There are people on work permits, usually brought in not through multinational corporations but by local employers. This large group includes workers from Haiti, the Dominican Republic, Guyana and other island nations as well as Europeans, Canadians and Americans. People from the latter three also come in as either temporary or permanent residents, often establishing businesses or building homes in the TCI. Other homeowners are snowbirds, enjoying about six months of nice weather in the winter before returning to their native countries for the summer.
North Caicos used to have a solid community of these snowbirds, but the group more recently has morphed into what I call shuttlers, and I’m one of them. We are homeowners who spend chunks of time on the island in whatever months are convenient for us. Winter still sees the arrival of most of us, but we also come and go in all other seasons as well, spending a few weeks to a couple of months.
There appear to be many reasons this has happened. Some retirees who started as snowbirds have felt the pull of grandchildren and become shuttlers. Some new homeowners are still working and can’t get away for a six-month period. Others just prefer the arrangement, balancing in-season activities and socializing with the lazy, off-season “It’s my own beach” vibe.
Either way, there are tradeoffs. True snowbirds spend their first week opening up their homes and getting things back into order, then their last weeks prepping to leave again. Shuttlers are more likely to spread out house projects or hire help, but they face challenges at each end of their trips. Empty refrigerators and dirty domiciles in two countries are only the beginning of it.
There are, for example, constant cultural adjustments. After a month on North Caicos, I find myself re-learning how to live in the U.S. Driving on the right, using point-of-purchase or self-service gizmos and elevator etiquette (i.e, ignoring people) need mental refresher courses. On North, I must remember to plan meals while shopping instead of before (so I can see what’s available), and the etiquette while doing errands is the opposite: It’s rude to just launch into your hardware, grocery and liquor needs without first exchanging pleasantries. I sometimes get confused. Once, in Virginia, Tom caught me waving at the driver of a Land Rover because I thought he was someone I knew … on North.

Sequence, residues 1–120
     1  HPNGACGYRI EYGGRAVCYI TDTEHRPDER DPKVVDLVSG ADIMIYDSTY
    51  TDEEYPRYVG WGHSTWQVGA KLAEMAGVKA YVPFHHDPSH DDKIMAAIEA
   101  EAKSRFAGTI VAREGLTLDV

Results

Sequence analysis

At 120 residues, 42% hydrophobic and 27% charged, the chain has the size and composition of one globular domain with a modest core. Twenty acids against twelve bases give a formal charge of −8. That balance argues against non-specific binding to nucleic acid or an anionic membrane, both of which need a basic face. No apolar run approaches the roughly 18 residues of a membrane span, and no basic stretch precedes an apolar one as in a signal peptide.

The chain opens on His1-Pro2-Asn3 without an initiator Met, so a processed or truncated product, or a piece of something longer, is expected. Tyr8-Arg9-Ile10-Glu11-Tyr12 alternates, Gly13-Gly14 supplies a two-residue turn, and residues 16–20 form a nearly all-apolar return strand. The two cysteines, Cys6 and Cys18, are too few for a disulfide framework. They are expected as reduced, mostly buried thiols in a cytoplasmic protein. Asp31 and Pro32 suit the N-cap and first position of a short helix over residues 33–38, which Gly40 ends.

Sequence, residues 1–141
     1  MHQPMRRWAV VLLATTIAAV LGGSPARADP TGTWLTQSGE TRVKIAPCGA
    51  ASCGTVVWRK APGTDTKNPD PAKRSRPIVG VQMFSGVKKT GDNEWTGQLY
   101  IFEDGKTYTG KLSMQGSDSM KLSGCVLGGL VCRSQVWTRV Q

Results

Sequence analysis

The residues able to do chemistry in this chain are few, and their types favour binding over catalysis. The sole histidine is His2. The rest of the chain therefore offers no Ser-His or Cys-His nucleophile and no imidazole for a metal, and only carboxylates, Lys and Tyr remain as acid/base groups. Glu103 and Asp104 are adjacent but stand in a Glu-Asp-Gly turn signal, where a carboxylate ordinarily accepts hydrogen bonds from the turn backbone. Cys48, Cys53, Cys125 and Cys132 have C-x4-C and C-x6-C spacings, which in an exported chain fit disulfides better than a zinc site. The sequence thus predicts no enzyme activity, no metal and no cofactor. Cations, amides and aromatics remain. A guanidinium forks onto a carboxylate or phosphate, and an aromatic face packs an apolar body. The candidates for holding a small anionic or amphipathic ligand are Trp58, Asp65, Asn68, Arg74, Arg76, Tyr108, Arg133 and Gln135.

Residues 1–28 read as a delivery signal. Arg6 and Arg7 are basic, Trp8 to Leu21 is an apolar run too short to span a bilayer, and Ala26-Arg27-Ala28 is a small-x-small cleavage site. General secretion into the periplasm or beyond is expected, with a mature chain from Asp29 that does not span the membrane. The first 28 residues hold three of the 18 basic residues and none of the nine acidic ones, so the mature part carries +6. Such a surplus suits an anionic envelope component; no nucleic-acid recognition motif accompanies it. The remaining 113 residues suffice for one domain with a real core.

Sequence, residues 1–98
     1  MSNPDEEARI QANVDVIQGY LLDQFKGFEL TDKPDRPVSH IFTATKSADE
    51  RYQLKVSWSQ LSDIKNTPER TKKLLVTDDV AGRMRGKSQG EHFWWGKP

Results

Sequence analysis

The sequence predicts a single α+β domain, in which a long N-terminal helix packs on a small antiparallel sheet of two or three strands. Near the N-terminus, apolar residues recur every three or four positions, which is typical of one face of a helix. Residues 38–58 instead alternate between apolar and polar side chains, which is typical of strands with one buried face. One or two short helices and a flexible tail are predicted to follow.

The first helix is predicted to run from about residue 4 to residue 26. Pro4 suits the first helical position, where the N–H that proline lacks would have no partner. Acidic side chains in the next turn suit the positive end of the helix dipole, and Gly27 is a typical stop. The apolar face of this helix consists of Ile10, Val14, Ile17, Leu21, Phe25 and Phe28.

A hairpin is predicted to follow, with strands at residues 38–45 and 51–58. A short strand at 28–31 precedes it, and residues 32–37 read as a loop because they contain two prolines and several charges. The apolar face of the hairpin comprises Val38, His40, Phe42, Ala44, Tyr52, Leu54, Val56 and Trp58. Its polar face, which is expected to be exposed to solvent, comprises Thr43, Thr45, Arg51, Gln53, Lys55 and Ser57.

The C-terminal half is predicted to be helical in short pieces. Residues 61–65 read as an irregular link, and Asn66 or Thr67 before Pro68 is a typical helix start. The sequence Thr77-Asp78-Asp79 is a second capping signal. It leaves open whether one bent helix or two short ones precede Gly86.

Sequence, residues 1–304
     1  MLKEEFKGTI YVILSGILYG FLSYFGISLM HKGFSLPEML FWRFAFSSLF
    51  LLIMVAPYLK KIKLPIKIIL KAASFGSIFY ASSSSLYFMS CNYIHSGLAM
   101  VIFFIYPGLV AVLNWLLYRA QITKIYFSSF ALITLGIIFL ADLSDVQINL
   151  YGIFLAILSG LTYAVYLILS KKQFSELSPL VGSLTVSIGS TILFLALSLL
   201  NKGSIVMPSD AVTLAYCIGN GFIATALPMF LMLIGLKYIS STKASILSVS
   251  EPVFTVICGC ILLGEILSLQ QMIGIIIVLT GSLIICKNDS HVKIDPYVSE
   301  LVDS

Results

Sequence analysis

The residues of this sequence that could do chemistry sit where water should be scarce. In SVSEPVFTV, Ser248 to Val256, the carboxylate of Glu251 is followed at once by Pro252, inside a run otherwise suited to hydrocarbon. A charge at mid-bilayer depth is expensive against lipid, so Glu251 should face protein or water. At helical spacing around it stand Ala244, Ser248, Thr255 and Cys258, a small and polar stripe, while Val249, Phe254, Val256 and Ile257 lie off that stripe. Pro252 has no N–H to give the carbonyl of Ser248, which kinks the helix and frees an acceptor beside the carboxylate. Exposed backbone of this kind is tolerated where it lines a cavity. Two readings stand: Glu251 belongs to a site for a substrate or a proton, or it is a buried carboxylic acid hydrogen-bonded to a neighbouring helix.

Shuttlers who have animals also go through lots of guilt, whether they decide to fly the dog or cat with them or leave them with a sitter or at a boarding kennel. Tom and I choose to shield Daisy from the stress of flying (all that noise, all those people), but others schlep the animals with them, deciding that familiar people are more important than familiar surroundings.
And then there’s the packing! One thinks that, with a house in the islands, it should be easy to travel light, but the opposite is the case. Given the unavailability of many things on North, and the high prices and hassles of Provo, we bring all kind of weird things with us, pushing baggage weight and customs limits to … well, their limits. I have traveled with drills, car parts, faucets, shower curtains, printers, water filters, reams of paper and endless sets of bed linens and batteries. TSA always opens my checked bags to inspect them.
Okay, I can hear you now. “Oh, you poor thing, complaining about having a place in the islands. Let me get out my violin.” But I did not intend to complain, just explain. We shuttle; we don’t vacation. There are lives to be lived on both sides of that flight, and it’s different from being on vacation. But we wouldn’t have it any other way.